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9 Acknowledgments This report was written by Alice Donald. It was researched by Alice Donald, Karen Bennett and Professor Philip Leach. We would like to thank all those who gave interviews or attended roundtable discussions and were so generous with their time and insights. Our thanks also go to Aruna Dudhia for administrative support and Federico Burlon, Hannah Cowking and Tarik Elhadidi for research assistance. Special thanks are given to our advisers: Malcolm Evans OBE (Professor of Public International Law, University of Bristol); Conor Gearty (Professor of Law, London School of Economics); Samantha Knights (Barrister, Matrix Chambers); Voirrey Manson (Senior Equality Manager, NHS Wales Centre for Equality and Human Rights); and Mohammad Nafissi (Associate, Human Rights and Social Justice Research Institute, London Metropolitan University). We would also like to thank Dr Rebecca Catto (Lancaster University) and Professor Maleiha Malik (King's College London) for providing helpful comments on a draft of this report. Thanks are due to Matrix Chambers and the Equality and Human Rights Commission (EHRC) in Cardiff for hosting the two roundtable discussions. We are especially grateful to David Perfect at the EHRC: his knowledge of and interest in the themes of this research, combined with his patient and enthusiastic support, have made the project a pleasure to work on. Our thanks also go to Jonathan Evans, Jayne Hardwick and Karen Jochelson at the EHRC, as well as Paola Uccellari who advised the project in its early stages. i

10 Abbreviations Acas Advisory, Conciliation and Arbitration Service BHA British Humanist Association CIPD Chartered Institute of Personnel and Development ECHR European Convention on Human Rights ECtHR European Court of Human Rights EDF Equality and Diversity Forum EHRC Equality and Human Rights Commission EIA Equality Impact Assessment EVAW End Violence Against Women coalition GMC General Medical Council HRA Human Rights Act 1998 JCHR Joint Committee on Human Rights LGBT Lesbian, gay, bisexual or transgender RBCG Religion or Belief Consultative Group RE Religious education SACRE Standing Advisory Councils for Religious Education SSFA School Standards and Framework Act 1998 ii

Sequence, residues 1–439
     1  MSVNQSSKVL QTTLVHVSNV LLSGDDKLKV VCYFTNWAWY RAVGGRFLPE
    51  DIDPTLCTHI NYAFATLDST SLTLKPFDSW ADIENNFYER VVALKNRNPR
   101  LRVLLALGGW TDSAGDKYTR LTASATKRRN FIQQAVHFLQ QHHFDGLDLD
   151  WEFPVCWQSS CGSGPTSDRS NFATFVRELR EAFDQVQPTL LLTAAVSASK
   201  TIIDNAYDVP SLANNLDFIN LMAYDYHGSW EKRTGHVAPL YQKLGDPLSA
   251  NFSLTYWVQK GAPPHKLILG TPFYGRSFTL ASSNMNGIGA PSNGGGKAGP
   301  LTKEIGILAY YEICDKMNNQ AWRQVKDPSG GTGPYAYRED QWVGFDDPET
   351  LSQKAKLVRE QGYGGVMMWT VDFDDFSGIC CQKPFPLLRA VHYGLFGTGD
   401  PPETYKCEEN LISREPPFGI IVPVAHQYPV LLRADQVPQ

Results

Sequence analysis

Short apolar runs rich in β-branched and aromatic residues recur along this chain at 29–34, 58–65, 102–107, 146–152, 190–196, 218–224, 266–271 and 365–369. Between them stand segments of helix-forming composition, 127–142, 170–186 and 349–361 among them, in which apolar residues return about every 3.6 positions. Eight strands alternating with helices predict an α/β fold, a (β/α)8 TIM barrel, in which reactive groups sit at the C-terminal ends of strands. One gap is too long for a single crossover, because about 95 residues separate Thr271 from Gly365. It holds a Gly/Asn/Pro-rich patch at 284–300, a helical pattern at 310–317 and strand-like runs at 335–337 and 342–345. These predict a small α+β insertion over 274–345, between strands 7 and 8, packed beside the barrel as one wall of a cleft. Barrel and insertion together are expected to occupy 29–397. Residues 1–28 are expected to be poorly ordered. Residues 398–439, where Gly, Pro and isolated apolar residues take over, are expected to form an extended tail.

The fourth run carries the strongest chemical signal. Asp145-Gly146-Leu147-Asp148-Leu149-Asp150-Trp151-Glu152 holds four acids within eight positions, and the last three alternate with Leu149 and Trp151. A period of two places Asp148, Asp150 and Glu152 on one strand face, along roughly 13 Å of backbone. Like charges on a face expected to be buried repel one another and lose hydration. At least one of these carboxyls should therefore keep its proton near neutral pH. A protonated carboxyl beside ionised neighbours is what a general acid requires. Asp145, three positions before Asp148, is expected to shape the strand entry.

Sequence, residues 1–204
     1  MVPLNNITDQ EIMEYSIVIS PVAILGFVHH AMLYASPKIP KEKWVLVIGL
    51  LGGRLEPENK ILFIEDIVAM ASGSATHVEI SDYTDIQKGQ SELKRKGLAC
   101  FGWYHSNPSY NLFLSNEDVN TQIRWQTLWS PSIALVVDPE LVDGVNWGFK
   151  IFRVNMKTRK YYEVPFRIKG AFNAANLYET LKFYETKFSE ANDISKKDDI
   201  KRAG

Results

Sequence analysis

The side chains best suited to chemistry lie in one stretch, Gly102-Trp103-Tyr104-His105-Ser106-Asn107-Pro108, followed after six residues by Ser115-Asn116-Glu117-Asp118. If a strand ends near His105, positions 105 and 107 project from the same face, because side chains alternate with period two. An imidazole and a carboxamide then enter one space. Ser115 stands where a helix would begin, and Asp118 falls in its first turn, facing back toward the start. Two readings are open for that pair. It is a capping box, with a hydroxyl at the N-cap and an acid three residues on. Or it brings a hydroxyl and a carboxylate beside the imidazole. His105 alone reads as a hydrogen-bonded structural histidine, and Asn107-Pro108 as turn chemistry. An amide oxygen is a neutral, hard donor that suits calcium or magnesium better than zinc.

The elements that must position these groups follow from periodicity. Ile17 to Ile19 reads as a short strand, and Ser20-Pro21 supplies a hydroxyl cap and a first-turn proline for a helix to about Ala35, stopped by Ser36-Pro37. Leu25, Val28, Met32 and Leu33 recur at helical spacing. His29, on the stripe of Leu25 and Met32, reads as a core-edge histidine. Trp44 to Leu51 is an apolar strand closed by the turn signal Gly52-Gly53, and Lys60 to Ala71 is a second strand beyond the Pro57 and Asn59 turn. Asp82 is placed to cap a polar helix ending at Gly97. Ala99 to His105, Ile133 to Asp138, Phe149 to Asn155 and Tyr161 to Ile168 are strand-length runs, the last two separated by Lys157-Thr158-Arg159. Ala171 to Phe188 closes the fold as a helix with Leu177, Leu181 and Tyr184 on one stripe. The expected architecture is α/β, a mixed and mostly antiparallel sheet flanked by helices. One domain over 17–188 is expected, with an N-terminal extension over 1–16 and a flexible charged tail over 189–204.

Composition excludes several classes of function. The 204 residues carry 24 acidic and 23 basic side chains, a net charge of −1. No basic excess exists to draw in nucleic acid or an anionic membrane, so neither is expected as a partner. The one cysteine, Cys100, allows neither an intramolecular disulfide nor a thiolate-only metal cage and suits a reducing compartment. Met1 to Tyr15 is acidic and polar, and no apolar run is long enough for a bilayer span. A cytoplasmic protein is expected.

11 EXECUTIVE SUMMARY Executive summary Aims of the research In January 2011, the Equality and Human Rights Commission (EHRC) commissioned the Human Rights and Social Justice Research Institute at London Metropolitan University to conduct research on understanding equality and human rights in relation to religion or belief in England and Wales. The aims were to explore: the state of the law in relation to equality, human rights and religion or belief and different groups responses to the law; approaches to achieving freedom of religion or belief and preventing discrimination on the grounds of religion or belief in the workplace and in public services; situations where interests conflict (or are perceived to conflict) between the different equality strands or different human rights; principles or approaches that might pre-empt or resolve dilemmas or disputes relating to religion or belief; and equality or human rights concerns that arise in relation to the role of religion or belief groups in the formation of law and public policy. Methodology The research comprised: a literature review covering relevant case law (primarily domestic and European) and wider British and international research; 67 semi-structured interviews with religion or belief groups, employers, service providers and groups concerned with other equality strands, as well as legal experts and academics; roundtable discussion events, one in London involving academics, legal practitioners and policy experts and one in Cardiff involving practitioners and voluntary sector organisations in the fields of health and social care; and iii